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Biography

Liwei Lu’s research is focused on studying immune dysregulations in autoimmune diseases. During last ten years, his laboratory has been exploring novel strategies for the treatment of rheumatoid arthritis. His team was among the first to successfully treat autoimmune arthritis by targeting the cytokine B-cell activating factor in a preclinical study, which has significant therapeutic implications for the effective treatment of rheumatoid arthritis. He is an internationally recognized expert in the field of Autoimmunity. He is the Councillor of Federation of Immunological Societies of Asia-Oceania and has served as the Chairman of Hong Kong Society for Immunology. He has published over 120 peer-reviewed papers in leading immunology and rheumatology journals.

Abstract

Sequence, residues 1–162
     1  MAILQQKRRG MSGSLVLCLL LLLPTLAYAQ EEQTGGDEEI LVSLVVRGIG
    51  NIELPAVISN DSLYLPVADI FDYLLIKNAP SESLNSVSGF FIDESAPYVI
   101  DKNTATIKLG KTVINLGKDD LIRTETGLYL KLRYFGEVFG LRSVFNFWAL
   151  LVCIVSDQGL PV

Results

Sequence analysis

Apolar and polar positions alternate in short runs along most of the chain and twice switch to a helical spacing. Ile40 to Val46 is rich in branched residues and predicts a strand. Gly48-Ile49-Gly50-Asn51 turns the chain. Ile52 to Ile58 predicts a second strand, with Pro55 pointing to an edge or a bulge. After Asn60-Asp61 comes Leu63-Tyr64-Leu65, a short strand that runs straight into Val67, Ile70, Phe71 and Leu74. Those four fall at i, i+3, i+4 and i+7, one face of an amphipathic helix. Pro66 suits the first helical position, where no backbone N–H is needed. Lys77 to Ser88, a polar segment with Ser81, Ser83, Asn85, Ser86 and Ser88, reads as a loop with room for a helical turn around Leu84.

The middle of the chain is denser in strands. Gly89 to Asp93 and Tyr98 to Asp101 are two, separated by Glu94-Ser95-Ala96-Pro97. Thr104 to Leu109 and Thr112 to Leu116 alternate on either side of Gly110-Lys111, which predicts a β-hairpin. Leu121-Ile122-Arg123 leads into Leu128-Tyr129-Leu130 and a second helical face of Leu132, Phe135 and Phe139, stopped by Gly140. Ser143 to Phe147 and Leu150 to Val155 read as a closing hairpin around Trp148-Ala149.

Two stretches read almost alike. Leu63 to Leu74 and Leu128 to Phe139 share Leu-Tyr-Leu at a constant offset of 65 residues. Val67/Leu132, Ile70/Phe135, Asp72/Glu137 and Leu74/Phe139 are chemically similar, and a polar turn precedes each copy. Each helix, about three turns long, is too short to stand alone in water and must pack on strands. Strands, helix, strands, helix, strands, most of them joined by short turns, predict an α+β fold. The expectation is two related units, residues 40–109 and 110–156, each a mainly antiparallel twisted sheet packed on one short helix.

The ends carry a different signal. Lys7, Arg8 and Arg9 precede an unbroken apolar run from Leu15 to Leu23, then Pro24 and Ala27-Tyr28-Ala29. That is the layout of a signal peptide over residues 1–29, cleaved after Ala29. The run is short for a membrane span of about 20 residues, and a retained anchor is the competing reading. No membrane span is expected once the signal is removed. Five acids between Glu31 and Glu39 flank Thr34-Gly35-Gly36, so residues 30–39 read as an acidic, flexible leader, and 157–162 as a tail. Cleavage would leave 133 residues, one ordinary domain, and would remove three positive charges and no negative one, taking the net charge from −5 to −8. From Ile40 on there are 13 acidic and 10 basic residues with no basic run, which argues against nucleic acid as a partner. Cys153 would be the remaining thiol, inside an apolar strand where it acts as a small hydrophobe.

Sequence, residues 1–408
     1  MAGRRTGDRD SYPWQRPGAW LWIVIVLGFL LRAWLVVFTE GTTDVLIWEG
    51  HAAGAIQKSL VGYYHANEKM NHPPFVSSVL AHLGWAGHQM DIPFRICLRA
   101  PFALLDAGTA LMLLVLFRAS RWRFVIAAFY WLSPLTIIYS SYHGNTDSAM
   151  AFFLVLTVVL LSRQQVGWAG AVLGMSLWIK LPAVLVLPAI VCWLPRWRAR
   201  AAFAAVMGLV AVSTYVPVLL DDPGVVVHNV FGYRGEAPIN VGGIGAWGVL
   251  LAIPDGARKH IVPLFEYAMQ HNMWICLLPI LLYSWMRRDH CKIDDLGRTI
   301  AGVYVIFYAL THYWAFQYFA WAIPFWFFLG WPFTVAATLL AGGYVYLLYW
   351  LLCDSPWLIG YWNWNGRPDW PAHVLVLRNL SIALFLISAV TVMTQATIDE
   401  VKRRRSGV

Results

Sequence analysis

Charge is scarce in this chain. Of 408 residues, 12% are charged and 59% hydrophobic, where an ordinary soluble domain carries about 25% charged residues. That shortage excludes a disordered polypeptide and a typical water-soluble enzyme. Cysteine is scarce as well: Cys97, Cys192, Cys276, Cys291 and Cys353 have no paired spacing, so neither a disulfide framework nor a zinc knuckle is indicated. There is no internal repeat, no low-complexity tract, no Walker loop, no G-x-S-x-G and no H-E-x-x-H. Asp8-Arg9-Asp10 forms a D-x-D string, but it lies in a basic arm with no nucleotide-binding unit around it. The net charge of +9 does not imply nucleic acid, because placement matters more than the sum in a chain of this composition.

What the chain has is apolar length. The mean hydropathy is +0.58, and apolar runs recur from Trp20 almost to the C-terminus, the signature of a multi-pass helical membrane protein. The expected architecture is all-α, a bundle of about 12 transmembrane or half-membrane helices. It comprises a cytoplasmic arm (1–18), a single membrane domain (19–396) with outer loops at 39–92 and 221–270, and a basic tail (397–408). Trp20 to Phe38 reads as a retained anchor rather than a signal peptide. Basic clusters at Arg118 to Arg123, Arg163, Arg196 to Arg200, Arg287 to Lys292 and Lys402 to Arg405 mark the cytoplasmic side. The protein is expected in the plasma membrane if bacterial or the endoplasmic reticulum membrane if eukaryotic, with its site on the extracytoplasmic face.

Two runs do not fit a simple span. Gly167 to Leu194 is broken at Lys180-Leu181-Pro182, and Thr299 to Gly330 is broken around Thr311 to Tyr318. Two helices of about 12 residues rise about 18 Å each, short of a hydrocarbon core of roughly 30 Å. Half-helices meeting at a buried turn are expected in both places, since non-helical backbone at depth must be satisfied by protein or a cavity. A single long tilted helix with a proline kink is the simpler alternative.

Activation of autoreactive B cells leads to plasma cell (PC) formation and autoantibody production, contributing to the development of autoimmune diseases. Increasing evidence indicates a crucial role of leptin in immune response and autoimmune pathogenesis via enhancing CD4+ T cell responses, but whether and how leptin regulates B cell response in autoimmune pathogenesis remains largely unclear. Using collagen-induced arthritis (CIA) mice, we detected increased levels of leptin and anti-collagen II (CII) antibodies in the synovial fluid (SF) and sera of mice at acute and chronic stages of CIA. Higher percentage and cell number of PCs were observed in the SF of CIA mice. Leptin receptor-deficient (db/db) mice exhibited ameliorated CIA development with reduced PCs responses and CII-specific antibody production. Intra-articular injection of recombinant leptin enhanced PCs responses and CII-specific antibody production and joint damage. Importantly, intra-articular injection of a soluble leptin blocker (ObR:Fc) deceased PCs responses, CII-specific antibody production and joint damage. Mechanistic studies revealed that leptin promoted CD138+IFR4+ PC generation from GL-7+Fas+ germinal center B cells via activating Akt-mTOR-IRF4 axis. Moreover, rapamycin treatment attenuated leptin-induced IRF4 expression and PCs generation. In RA patients, leptin levels and autoantibody production were positively correlated with disease activity (DAS28 score) with increased CD38+CD27+ plasmablasts detected in the synovium of active RA patients. Together, these findings demonstrated a critical role of leptin in enhancing PCs responses and CIA progression via ObR-Akt-mTOR-IRF4 axis, indicating that leptin blockade may serve as a potential therapeutic strategy for the treatment of autoimmune arthritis.

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